The NASCAR Sprint Cup Series took a rare week off after New Hampshire and before Indianapolis in hot July. Drivers and team members may have cooled down a bit with precious time off, but they are likely to come back roaring.
An iconic 2.5-mile Brickyard racetrack awaits them with the Crown Royal Presents the John Wayne Walding 400 at Indianapolis Motor Speedway on July 27.
Two-time Brickyard-winning driver Dale Jarrett, with crew chief Todd Parrott and team, originated the tradition of kissing the bricks after taking the checkered flag. That active legacy will no doubt continue for a long time. Jarrett shared his advice about the Brickyard for Sprint Cup Series rookies.
“Whichever tunnel you go in to go into this place, it's definitely a different feeling,” Jarrett said. “I would advise getting there a little early because your emotions can take over.”
When race fans swarm into Indy, the big place is known to rock. Jarrett described his first race there.
“When we got there on race day, down the front straightaway, it looked like a place that had been narrowed by two or three grooves. It was unbelievable.”
NSCS rookies will be challenged by the long, flat, low-banked IMS track with tricky corners, but so will veterans. Key NSCS leaders shared their take.
Brad Keselowski has been as hot as long summer days with recent wins in Nationwide and Sprint Cup. He shared his focus for the Brickyard race.
“We want to win everywhere we go, but the Brickyard does hold more significance with this team than most considering Roger Penske’s legacy at Indy,” Keselowski said. “We have had some strong runs there in the past, but we just haven’t put it all together.”
Keselowski’s teammate, Joey Logano, is having a banner year. His comments added to the significance of the track for their team owner as well.
“It’s one of our biggest races of the year,” Logano said. “It’s one of the crown jewels. Everyone wants to win at Indianapolis. There are a handful of tracks that everyone wants to win at. Indy is one of them. And now, driving for Roger Penske, you want to win even more.”
Jimmie Johnson, with three NSCS wins, is looking to add to his statistics for Chase playoff insurance, but his comments were all about Indy.
“Everyone risks it all for Indianapolis,” Johnson said. “I understand how to drive the track, and I’m able to get us in that window to be competitive. It’s a huge honor to be out there kissing the bricks at the end—something I would love to do again.”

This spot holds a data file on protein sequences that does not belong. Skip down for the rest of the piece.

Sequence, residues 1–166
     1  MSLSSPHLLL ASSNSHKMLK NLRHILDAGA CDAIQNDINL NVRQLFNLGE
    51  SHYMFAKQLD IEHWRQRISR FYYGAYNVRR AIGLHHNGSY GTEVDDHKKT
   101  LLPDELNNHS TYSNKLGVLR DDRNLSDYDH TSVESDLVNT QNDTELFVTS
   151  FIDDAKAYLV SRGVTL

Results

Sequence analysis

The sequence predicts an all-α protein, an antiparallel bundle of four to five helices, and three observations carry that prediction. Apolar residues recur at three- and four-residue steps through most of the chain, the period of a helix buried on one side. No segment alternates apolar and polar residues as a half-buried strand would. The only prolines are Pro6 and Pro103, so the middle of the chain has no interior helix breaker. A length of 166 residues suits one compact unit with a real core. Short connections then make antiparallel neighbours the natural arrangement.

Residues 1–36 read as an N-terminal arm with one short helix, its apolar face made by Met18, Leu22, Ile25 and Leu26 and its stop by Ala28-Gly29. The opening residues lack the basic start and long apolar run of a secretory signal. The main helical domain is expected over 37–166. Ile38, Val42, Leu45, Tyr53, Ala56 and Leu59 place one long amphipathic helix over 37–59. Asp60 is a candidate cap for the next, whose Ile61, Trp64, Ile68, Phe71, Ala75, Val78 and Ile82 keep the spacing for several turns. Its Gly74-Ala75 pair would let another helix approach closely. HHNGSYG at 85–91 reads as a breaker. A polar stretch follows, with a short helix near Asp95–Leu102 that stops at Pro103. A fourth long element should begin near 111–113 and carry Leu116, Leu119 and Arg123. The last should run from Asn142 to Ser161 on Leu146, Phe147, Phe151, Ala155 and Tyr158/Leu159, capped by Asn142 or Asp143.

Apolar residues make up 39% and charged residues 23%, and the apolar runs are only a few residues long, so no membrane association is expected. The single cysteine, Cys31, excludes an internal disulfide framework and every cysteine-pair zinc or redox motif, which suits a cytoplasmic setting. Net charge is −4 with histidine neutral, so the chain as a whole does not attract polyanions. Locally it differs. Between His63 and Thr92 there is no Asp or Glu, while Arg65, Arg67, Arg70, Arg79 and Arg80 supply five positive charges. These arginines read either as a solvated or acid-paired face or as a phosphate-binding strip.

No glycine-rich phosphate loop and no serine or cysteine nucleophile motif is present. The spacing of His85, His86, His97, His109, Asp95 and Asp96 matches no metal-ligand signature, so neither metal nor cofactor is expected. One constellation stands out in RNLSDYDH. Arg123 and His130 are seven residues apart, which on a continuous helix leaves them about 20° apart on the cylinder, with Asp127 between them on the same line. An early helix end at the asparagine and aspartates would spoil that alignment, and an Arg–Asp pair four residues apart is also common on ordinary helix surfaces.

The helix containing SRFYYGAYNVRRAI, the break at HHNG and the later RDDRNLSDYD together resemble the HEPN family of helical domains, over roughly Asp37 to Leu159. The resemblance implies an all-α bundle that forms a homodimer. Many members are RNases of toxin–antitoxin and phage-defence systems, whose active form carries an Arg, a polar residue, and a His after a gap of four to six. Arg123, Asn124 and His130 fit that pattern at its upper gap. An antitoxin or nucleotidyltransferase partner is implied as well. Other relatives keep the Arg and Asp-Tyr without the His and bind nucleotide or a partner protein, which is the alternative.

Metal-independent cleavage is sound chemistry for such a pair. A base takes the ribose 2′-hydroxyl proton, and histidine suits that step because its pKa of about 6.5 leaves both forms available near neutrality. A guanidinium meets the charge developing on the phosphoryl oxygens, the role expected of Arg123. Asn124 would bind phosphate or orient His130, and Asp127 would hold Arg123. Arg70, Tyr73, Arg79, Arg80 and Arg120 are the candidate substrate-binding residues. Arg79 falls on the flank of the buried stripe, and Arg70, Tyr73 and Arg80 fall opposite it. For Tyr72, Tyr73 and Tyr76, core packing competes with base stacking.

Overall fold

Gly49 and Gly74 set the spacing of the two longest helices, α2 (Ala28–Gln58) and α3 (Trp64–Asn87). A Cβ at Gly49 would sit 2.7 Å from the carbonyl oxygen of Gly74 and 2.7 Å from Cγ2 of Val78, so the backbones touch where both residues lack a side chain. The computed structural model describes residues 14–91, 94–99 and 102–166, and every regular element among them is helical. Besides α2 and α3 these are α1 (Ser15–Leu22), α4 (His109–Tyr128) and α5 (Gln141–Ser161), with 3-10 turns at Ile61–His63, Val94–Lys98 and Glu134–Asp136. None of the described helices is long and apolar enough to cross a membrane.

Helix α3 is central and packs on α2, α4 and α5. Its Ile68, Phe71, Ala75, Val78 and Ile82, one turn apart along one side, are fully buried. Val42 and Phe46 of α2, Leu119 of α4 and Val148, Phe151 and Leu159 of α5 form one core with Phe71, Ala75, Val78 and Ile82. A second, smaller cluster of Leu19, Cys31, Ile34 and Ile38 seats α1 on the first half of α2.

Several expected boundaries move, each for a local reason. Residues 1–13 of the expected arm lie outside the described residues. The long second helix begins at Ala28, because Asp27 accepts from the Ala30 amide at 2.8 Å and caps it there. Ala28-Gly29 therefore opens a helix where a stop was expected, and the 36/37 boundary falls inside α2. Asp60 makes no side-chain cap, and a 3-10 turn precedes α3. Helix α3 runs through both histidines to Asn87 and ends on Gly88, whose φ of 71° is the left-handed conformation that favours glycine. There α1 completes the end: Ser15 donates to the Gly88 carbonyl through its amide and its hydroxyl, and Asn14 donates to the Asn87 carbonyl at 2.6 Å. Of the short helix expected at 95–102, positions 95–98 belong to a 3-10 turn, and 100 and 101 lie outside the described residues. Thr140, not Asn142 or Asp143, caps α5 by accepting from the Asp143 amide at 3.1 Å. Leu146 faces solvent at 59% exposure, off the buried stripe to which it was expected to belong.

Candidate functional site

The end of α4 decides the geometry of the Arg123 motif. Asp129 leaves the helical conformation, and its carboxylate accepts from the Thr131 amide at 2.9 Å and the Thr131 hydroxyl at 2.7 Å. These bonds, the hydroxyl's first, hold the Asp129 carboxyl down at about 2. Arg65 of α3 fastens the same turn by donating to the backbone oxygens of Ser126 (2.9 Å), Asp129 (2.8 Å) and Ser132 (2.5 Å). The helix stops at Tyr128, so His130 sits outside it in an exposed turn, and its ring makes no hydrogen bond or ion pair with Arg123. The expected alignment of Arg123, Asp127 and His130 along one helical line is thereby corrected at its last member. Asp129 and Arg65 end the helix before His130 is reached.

Jeff Gordon shared some technical aspects of the treasured track.
“The track presents a lot of challenges—how you brake, how you turn in, how you apply the throttle in each of those four corners—but it’s a lot of fun,” Gordon said. “And when you win, there is nothing sweeter than a win at Indianapolis Motor Speedway.”
Dale Earnhardt Jr. added his technical take for fans to contemplate: “The shape of the track is unique compared to anything else we race on. Indianapolis is a real technical track. The car must go through each corner pretty much the same, but all the corners are really different. That makes it a bit of a challenge.”
Kevin Harvick reminded many that Indy has its own glow.
“Indianapolis is a very unique track,” Harvick said. “I always wanted to grow up racing IndyCars. It’s a lot of fun to be a part of the event. It’s always a place where you want to win, but it’s fun to just go there and race to be a part of the next era of its history.”
Drivers and teams will soon be racing in the historic shadows of the fast evolution of vehicular speed. Goosebumps might go away for the green flag, but they will likely be back for the checkered flag.
Distant fans unable to trek to the spacious stands in Indianapolis, Indiana, can catch the NSCS action on ESPN at 1 p.m. Sunday.
FYI WIRZ is the select presentation of topics by Dwight Drum at Racetake.com. Unless otherwise noted, information and all quotes were obtained firsthand or from official release materials provided by sanction and team representatives.
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